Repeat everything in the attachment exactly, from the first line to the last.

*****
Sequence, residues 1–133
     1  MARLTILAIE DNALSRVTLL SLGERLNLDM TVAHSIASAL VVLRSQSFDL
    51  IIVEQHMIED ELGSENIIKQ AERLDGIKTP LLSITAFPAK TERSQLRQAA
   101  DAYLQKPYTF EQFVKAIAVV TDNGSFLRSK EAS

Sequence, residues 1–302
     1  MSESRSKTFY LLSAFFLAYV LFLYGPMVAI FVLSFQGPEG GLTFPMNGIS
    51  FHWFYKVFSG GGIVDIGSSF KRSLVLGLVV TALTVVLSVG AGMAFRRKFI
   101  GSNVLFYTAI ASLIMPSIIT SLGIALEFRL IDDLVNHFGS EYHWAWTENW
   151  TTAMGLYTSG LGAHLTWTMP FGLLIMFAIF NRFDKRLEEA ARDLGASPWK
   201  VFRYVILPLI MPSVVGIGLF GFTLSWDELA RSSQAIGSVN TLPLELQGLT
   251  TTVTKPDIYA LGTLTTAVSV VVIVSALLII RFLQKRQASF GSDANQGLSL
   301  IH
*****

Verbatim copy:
Sequence, residues 1–133
     1  MARLTILAIE DNALSRVTLL SLGERLNLDM TVAHSIASAL VVLRSQSFDL
    51  IIVEQHMIED ELGSENIIKQ AERLDGIKTP LLSITAFPAK TERSQLRQAA
   101  DAYLQKPYTF EQFVKAIAVV TDNGSFLRSK EAS

Sequence, residues 1–302
     1  MSESRSKTFY LLSAFFLAYV LFLYGPMVAI FVLSFQGPEG GLTFPMNGIS
    51  FHWFYKVFSG GGIVDIGSSF KRSLVLGLVV TALTVVLSVG AGMAFRRKFI
   101  GSNVLFYTAI ASLIMPSIIT SLGIALEFRL IDDLVNHFGS EYHWAWTENW
   151  TTAMGLYTSG LGAHLTWTMP FGLLIMFAIF NRFDKRLEEA ARDLGASPWK
   201  VFRYVILPLI MPSVVGIGLF GFTLSWDELA RSSQAIGSVN TLPLELQGLT
   251  TTVTKPDIYA LGTLTTAVSV VVIVSALLII RFLQKRQASF GSDANQGLSL
   301  IH